Segmenting networks with VLANs

Logically Tunneled

Cross-Switch VLANs

Where one or more VLANs extend across multiple switches, VLAN trunks (VLTs) are used. In the case of port-based VLANs (for packages that have no tag), a VLAN tag that indicates to which VLAN the packet belongs is added to forward a data packet across a trunk; this typically happens before feeding into the trunk. The switch on the receiving side needs to remove this again. In the case of IEEE 802.1Q VLANs, however, the packets are tagged by the device or at the input port on the switch. Therefore, a switch can feed a packet into a trunk without any changes. When a switch on a VLT port (trunk port) receives a packet with an 802.1Q VLAN tag, it can transfer the packet unchanged.

If it receives packets without tags on a trunk port, they can either be assigned to a default VLAN depending on the configuration (the switch later adds the tag), or they are discarded.

Dynamic VLANs with GVRP

VLAN memberships of devices can be assigned statically via a management tool, but also dynamically on the basis of the Generic Attribute Registration Protocol (GARP) VLAN Registration Protocol (GVRP). However, you need to bear in mind that a dynamic VLAN assignment is only useful if topology changes occur because of the use of the spanning-tree protocol and the switches thus need to re-learn the existing MAC addresses.

GARP is defined in the IEEE 802.1D standard; with its help, devices can transmit their attributes to the switch and from switch to switch. To register devices in VLANs, GARP was extended to include VLAN functionality (GVRP). The registration services provide a GARP application. The application is responsible for defining the semantics of the parameters to be transferred and generates the Protocol Data Units (PDUs). To exchange the necessary information, GVRP uses the GARP Information Declaration (GID) and the GARP Information Propagation (GIP).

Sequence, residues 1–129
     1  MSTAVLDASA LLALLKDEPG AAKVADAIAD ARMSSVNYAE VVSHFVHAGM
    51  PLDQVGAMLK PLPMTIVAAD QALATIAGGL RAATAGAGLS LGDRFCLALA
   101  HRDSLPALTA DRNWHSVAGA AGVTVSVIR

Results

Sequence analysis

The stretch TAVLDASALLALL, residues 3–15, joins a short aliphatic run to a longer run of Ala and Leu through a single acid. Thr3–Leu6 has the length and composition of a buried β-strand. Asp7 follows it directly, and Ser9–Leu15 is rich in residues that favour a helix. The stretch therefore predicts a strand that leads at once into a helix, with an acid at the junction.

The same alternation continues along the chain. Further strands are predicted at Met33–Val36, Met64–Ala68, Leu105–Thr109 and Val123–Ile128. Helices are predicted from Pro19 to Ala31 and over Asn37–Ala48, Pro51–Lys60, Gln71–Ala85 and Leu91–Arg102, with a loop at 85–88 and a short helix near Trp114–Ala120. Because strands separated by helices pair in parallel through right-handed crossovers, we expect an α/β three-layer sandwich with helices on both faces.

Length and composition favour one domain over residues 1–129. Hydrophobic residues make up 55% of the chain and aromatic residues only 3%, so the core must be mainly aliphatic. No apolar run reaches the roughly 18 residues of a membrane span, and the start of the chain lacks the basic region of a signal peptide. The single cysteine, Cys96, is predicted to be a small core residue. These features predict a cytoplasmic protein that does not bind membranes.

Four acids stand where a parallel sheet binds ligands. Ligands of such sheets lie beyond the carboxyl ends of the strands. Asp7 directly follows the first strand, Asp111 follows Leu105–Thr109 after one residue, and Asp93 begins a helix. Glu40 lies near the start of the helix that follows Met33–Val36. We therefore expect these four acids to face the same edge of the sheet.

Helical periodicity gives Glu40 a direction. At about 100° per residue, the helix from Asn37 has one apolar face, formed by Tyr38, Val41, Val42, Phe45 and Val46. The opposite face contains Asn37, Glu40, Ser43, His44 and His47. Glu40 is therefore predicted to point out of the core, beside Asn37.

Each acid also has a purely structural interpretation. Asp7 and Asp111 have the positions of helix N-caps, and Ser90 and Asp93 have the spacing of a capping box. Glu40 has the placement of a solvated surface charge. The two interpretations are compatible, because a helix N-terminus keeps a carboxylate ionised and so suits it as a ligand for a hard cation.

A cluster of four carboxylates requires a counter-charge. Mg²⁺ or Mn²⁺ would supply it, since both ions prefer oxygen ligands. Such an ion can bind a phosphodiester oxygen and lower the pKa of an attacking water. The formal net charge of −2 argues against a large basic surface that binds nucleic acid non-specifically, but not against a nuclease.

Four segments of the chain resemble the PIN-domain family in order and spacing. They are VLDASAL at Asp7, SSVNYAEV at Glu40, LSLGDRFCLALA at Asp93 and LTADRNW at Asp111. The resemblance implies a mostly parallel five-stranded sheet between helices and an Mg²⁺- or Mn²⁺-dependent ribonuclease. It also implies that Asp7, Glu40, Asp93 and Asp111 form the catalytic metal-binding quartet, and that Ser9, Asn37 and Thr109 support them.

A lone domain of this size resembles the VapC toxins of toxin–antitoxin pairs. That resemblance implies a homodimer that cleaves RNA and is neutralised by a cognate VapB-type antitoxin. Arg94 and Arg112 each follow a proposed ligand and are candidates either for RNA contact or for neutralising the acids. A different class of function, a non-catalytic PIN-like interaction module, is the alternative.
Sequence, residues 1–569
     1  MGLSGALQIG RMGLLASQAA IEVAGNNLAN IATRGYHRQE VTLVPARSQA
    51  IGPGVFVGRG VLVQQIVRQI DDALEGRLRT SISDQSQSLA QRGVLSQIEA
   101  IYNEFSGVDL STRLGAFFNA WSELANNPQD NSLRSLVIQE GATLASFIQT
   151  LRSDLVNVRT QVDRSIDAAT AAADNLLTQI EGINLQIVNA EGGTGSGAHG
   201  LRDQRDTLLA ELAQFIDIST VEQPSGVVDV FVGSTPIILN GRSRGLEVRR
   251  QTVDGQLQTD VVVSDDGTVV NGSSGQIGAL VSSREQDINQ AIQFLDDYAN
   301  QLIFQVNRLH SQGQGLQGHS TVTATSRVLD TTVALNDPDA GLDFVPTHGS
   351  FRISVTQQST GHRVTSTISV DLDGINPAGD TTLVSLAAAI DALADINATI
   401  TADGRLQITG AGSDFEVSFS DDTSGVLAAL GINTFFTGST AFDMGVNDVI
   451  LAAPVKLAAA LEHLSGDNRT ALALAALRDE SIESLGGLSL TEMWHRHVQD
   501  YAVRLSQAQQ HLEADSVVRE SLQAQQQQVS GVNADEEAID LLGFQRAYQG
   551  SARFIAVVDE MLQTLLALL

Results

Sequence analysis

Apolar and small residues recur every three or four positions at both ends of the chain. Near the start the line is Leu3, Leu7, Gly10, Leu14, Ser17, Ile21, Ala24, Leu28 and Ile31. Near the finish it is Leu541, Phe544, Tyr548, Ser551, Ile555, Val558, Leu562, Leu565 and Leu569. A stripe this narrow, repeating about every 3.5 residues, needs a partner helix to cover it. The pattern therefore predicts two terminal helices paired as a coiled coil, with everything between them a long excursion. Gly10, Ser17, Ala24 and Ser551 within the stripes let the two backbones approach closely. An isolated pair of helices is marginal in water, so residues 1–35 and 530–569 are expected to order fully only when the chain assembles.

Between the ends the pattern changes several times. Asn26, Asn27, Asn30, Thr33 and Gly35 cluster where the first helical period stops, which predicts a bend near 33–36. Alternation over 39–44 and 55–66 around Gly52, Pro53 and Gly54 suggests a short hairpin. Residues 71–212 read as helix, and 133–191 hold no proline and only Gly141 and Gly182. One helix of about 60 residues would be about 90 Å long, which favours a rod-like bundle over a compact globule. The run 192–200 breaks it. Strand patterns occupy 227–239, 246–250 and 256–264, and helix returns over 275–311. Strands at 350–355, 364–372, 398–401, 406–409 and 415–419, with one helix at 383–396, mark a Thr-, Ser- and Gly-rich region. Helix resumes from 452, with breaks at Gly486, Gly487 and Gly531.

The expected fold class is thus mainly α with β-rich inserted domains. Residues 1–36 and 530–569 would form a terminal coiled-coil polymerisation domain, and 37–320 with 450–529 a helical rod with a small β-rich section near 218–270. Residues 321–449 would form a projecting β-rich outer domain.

GID describes the current states for registrations and declarations and determines the required actions. A registration or declaration can be made, for example, using a GID_JOIN or GID_JOIN request, and deleted with a GID_LEAVE or GID_LEAVE request. Joins are regularly repeated per port and multicast group.

GIP is a feature that distributes registrations and declarations on one port to all switches on the LAN. Moreover, the switches discover which VLANs the users are currently working in. GIP also reacts to topology changes triggered by spanning tree. Information is forwarded to GVRP nodes via a specific multicast address. For this purpose, the multicast address 01-80-C2-00-00-21 is set as the destination address for the GVRP protocol data units.

VLAN Troubleshooting

During troubleshooting, you need to examine the data acquired using an analyzer for packets from the corresponding VLAN. Check whether the data stream is correctly tagged by trying to find the VLAN tags in the captured data. In practice, it happens time and time again that the VLAN tags are missing in the traces; complete analysis of the errors is thus impossible.

On many machines, this is a normal phenomenon. The reason is that the VLAN tags are not displayed and are filtered out by the network card before being captured. The suppression of VLAN tags during traffic analysis has its origin in the operating system. Windows, for example, has no built-in mechanism for recording the VLAN tag. Most Ethernet adapter drivers either discard the VLAN tag or remove it automatically before processing. It thus looks as if the Ethernet packet has no VLAN tag. To eliminate this representation problem, each network card used must be considered individually. On Intel cards, the current drivers must be installed. Then you can also take advantage of this feature.

Also, additional manual intervention in the Windows registry is required. Intel provides a corresponding guide [1] for reconfiguring Windows machines. The current driver must also be installed for Broadcom adapters. In the registry you then need to search for the value TxCoalescingTicks and, after clicking on the instance number (e.g., 008), add a new string entry with the name PreserveVlanInfoInRxPacket and a value of 1.

After the change, the respective analyzer should be able to display the respective VLAN tag correctly. It goes without saying that registry changes always involve a certain amount of risk in terms of system stability.

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